Friday, May 23, 2008

Empty nest

I thought I would write about butterflies next, but there is a robin update. The baby robins have grown up and gone off to college. We didn't see them fledge, but after examining the nest and the area around it I'm pretty confident that they made it out on their own without mishap. The nest is intact and undisturbed.

This nest is a work of real beauty. I'm amazed at the carefully molded mud layer pressed against the grass outer layer. It's hard to photograph even now that I'm free to get up close, because it's so well hidden.

It's best to leave it undisturbed. I've read that birds may come back and reuse it for the 2nd brood of the season, building a new layer on top of the old nest first. I've never seen this myself.

Other birds have been carrying nesting material around the yard, so we know there's a lot going on in the nearby bushes and trees, mostly out of sight.

Mr. Lonelyhearts, the little house wren, is still trying to get a date. He's been singing and putting twigs into the birdhouses, but we still don't see a mate.

Sunday, May 11, 2008

Nesting update


Baby robins! We see three tiny beaks in our robin's nest. One looks bigger than the others, but this may be because of its position in the nest. Other (fuzzier) pictures show them all about the same size.

All day the parent robins gather worms and bugs from our back yard and ferry them to the nest. The lawn and especially the flower beds seem to offer a birdie buffet. When they're not feeding the nestlings, the parents are often standing guard in a nearby tree or on the fence. They chase away blue jays who wander into the area. The jays may only be after the peanuts at the feeder, but our robins are taking no chances, since jays are known to eat eggs or prey on nestlings.

We're watching our little house wren with some puzzlement. Will he ever get a date? He's put some sticks into all 3 of our birdhouses, and last weekend we saw him fly to each house in turn, perch on the top, and sing. ("Oh, what a beeea-u-tiful nest; I made it just for you-ooo...") But we haven't seen a mate. Last year we had wrens nesting in 2 our of birdhouses, and we saw the pairs together. But we're not sure whether we have a pair, or a lonely bachelor.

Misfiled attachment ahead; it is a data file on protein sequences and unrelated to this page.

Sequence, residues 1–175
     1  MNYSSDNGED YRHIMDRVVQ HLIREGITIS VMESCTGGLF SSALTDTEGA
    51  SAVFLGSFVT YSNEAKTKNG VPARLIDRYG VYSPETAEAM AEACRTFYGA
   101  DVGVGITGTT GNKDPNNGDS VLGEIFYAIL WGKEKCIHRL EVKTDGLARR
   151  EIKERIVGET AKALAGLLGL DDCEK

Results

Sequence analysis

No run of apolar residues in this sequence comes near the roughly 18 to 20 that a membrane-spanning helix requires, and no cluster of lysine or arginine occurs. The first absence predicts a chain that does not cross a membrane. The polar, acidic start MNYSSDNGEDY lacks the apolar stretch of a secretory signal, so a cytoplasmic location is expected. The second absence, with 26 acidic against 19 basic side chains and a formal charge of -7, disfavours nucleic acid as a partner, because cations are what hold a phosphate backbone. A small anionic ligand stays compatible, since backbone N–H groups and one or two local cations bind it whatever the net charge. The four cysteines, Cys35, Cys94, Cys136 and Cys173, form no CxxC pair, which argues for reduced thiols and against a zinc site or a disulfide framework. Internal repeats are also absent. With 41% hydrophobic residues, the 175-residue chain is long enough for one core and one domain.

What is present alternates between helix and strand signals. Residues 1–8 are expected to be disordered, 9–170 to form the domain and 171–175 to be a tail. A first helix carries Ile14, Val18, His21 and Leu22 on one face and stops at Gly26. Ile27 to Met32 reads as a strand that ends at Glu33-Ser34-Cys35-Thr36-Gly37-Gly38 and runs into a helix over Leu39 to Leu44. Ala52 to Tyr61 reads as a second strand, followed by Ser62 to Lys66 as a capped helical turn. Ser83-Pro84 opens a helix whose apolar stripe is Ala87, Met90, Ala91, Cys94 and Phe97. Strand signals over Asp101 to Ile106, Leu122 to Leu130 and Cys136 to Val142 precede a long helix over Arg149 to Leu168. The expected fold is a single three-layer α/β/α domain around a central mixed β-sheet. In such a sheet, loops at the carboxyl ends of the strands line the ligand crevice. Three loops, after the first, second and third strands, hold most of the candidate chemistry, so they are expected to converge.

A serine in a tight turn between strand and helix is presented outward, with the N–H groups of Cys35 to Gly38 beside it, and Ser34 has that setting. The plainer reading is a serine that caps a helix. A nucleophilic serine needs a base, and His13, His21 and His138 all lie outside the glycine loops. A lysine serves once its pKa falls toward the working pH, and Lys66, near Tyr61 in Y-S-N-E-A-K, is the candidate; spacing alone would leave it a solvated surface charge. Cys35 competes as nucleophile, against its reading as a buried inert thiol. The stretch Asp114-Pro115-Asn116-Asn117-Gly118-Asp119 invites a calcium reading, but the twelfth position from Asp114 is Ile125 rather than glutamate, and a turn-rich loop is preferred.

This house shows the largest nest of the 3, and so we think they'll nest here, if they nest in our yard at all. The nest is bigger than it was last week, but we're still not sure what they're up to. House wren nests are practically all twigs -- and if you ask me, they could use a few lessons in interior decorating. But the mama wrens seem to like it, and I guess that's what counts.


I have no idea where these little guys are nesting, but we think it must be nearby. I enjoyed watching this chickadee pulling fibers out of my planter--he worked at it for several minutes, and then flew off with a beakful of them. Later, I watched as the pair pulled little vine bits off the brush pile. Chickadees are cavity nesters, so they'll excavate a hole in a tree, or nest in a birdhouse. (Pick ours! Pick ours!)

Visitors of note this weekend included a grey catbird and -- to my utter astonishment -- a cedar waxwing. Butterflies have started appearing too -- and they will be the focus of my next post.

Wednesday, May 7, 2008

A bird bonanza

Our back yard is full of birds! I am too tired to write much, and besides, the pictures are the most fun. So here is a photo album of visitors to our back yard. Please excuse the awkward placement & uneven sizing.

Female (L) and male (R) Rose-Breasted Grosbeaks. The photo of the female was taken a couple of weeks ago, but they are abundant in the yard.

This weekend we saw 3 Baltimore Orioles (L) and one vibrant Indigo Bunting (R).

Although others in our area have reported seeing Indigo Buntings, we were still a little surprised to see them this early. They usually begin visiting our yard in late May or early June. I love them just for their color. Buntings belong to the finch family and visit the thistle feeders along with Goldfinches.

Of all our back yard birds, I think I love woodpeckers the most. We had downy and hairy woodpeckers over the weekend. After this female Hairy Woodpecker (L) had eaten, she packed her beak with suet and flew away with it. Babies?

The most exciting visitor we saw
recently was the red-headed woodpecker.
It's been a long time since I was able to admire the rich colors of this bird in person. Male and female look alike, so we're not sure which this is. This bird, too, was taking suet away.

By the way, woodpeckers like both plain and flavored suet. But the kind with lots of seeds in it is less useful -- they pick the suet out and leave the seeds. We use plain in one feeder and "Peanut Butter and Jelly," which has peanuts and berries in it, in the other.

That's the back yard bird news. Next time, I'll give a nesting update.